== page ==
Community & Government

What It Means to Be Human

Cornel West

Lesson time 16:24 min

To understand humanity, you must first understand yourself. In this lesson, Cornel shares how to embark on a candid journey within and discover a better understanding of self.

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Topics include: Philosophy: A Joyful Adventure • The Counterweight of Philosophy • Formation, Cultivation, and Maturation


Preview

[MUSIC PLAYING] - I think it's very important to always acknowledge that our word humanity comes from the Latin, humando, which means burial and burying. It's tied to humility to be on the Earth, tied to the Earth, and to recognize that no matter how smart, rich, mighty we are, there are forces beyond our control. And humility is simply a honest and unflinching acknowledgment of the fact that there are forces coming at you over which you have no control so that as human beings, as organisms, as precious persons on the way to burial, and burial is simply the way in which the quick and the alive acknowledge the significance of those who are no longer quick and alive. So you put them in burial. That's the highest form of acknowledgment of their significance. That's why the dehumanization of a people, the worst you could ever do is to deprive the dead bodies of burial. That's what happened to our precious Jewish brothers and sisters during the Holocaust. That's what happened to enslaved Africans in the United States. When you deprive even the living of their right to finally at the end acknowledge how much they love the person who has died, that's an ultimate act of dehumanization. And so, therefore, humanity and humility simply says that, lo and behold, in the face of these forces over which we have no control at least we can try to have some nobility, some kind of acknowledgment of significance at the end. And while we are living to recognize no matter how much power we have, how much status, style, charm, charisma, all the things of the world, in the end they are impotent in the face of humando. So life has a way of humbling, so it's a good idea to be humble even before the catastrophe comes to your place. Prepare yourself. Ripeness is all back to Shakespeare's King Lear with Edgar. What does it mean then to be ripe in the face of one's death, one's betrayal, all disease, all the different forces over which in the end we do not have control, including the burial and what the burial will be like of our own bodies. So that philosophy in some sense can be viewed in its mature form as refusing to be, death denying, death ducking, and refusing to be-- refusing to engage the inescapable realities of life. It can be political. It can be ideological. It could be cultural. It could be psychic. It could be existential and biological. Philosophy must embrace all of those realities if we're going to learn how to really love wisdom, to live wisely, to see broadly, to feel deeply. And as we have been stressing over and over again in this class, philosophy is about trying to see differently, feel more deeply, act more courageously. Those are the fruit of the fallible human quest for truth, goodness, beauty, and then if you choose to be religious, of the holy. You can be in Ethiopia. You can be in China. You can be in Argentina. You can be in Haiti. You can be in South Africa. You can be in Chicago to raise the questions...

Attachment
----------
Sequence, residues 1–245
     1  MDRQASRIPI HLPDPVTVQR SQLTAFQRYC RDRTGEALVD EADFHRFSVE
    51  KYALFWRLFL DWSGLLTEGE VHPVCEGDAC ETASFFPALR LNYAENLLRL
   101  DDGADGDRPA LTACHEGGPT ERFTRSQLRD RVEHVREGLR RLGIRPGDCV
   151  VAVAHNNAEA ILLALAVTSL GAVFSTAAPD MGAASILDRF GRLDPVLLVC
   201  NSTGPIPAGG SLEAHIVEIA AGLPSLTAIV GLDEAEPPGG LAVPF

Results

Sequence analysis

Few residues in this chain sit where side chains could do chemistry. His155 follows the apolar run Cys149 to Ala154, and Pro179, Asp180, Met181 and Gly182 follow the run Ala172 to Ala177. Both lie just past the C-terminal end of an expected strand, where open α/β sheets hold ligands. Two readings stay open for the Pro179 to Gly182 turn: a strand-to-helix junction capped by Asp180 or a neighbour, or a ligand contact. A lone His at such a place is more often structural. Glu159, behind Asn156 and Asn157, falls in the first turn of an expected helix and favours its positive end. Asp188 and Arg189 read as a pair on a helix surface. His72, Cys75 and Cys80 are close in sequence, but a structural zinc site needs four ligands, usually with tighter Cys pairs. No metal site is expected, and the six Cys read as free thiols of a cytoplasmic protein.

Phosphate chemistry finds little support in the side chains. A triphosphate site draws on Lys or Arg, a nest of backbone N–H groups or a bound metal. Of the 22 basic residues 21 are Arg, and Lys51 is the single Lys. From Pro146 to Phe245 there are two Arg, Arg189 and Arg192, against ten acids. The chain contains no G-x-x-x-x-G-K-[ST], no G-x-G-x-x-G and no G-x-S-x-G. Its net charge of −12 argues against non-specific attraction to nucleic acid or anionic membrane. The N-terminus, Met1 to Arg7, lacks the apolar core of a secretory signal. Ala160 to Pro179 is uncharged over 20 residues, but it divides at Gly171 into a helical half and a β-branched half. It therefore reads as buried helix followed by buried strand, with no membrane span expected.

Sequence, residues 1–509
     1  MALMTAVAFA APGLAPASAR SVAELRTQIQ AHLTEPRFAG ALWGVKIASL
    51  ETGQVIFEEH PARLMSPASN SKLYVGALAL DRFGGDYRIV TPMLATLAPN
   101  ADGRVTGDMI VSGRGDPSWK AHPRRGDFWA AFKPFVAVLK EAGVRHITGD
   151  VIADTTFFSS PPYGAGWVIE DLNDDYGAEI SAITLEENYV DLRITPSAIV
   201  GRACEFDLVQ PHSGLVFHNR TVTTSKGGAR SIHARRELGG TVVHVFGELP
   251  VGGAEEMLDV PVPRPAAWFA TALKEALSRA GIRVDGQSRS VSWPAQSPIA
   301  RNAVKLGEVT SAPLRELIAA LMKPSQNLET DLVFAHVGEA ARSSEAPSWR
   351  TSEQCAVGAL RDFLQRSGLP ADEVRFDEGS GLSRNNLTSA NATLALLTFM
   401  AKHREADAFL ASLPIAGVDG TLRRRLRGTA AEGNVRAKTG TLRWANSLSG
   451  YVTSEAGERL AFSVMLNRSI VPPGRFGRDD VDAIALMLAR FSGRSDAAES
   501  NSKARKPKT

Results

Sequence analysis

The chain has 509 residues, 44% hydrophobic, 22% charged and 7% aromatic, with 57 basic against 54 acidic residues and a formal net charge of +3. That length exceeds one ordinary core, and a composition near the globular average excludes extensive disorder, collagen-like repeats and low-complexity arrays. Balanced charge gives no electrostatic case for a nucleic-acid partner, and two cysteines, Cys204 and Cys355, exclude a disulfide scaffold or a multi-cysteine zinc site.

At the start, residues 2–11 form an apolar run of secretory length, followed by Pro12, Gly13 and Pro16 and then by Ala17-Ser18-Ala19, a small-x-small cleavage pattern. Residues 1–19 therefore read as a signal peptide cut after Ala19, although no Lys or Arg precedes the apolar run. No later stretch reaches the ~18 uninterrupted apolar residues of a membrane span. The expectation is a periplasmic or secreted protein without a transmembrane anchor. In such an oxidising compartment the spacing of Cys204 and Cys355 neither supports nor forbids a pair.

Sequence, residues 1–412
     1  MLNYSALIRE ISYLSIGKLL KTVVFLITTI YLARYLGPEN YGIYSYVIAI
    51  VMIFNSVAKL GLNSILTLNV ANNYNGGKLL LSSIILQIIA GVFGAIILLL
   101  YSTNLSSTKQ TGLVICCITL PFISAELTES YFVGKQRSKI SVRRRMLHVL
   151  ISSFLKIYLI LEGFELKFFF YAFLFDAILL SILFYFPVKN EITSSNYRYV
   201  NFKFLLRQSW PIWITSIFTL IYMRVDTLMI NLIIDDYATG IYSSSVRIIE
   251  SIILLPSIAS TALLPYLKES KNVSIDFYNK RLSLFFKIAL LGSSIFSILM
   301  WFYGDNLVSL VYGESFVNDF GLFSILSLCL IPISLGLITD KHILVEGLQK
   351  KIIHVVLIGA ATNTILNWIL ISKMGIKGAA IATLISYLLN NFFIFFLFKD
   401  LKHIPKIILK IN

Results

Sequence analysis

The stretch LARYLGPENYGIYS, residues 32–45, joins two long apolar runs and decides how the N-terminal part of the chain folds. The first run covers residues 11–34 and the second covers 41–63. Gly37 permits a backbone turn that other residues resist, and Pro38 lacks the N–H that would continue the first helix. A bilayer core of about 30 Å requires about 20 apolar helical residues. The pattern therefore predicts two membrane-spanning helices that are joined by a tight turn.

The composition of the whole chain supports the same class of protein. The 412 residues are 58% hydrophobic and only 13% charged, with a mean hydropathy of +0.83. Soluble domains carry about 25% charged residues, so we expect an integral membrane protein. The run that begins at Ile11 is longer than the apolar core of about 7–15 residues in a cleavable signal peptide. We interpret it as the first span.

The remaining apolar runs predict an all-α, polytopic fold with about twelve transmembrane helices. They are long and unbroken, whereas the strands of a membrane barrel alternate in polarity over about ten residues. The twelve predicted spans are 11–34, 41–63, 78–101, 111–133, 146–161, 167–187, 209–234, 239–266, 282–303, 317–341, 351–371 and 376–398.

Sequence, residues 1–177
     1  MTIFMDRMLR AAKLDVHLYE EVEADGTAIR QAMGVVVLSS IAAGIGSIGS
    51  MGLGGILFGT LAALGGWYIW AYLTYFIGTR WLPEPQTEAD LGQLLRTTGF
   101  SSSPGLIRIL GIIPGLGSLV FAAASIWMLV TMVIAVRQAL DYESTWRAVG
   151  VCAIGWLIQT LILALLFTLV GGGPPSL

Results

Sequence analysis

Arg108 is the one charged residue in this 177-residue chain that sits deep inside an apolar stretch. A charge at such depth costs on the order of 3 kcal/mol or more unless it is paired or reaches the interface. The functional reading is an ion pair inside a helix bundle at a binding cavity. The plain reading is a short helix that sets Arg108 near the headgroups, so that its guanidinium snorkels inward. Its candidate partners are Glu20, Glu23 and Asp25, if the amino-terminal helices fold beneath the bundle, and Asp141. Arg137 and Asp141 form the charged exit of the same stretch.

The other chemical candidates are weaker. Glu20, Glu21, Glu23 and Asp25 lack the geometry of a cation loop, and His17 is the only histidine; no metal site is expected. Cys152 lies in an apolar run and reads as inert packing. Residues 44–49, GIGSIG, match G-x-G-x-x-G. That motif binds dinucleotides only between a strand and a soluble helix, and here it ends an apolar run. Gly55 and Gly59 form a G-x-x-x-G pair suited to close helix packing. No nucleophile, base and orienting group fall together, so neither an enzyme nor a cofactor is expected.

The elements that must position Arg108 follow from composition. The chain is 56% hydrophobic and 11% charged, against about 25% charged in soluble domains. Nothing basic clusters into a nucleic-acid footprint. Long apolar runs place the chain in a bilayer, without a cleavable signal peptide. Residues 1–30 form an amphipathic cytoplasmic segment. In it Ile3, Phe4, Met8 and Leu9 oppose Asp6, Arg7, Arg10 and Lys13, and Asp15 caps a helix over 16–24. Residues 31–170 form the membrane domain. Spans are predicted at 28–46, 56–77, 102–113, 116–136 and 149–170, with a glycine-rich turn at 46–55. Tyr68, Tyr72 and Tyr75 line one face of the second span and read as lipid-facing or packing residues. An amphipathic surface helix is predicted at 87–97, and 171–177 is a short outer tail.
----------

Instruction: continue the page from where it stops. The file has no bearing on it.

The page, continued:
About the Instructor

Cornel West is one of the most profound, diverse, and intellectual thinkers of our time. Now he’s inviting you into the depths of his brilliant mind to teach you how thinking like a philosopher can help you navigate your personal relationships, your decision-making, and your everyday life by looking at the world from a completely different point of view.


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Cornel West

Distinguished philosopher Cornel West teaches you how to think more deeply, connect more closely, and live a more fruitful and meaningful life.

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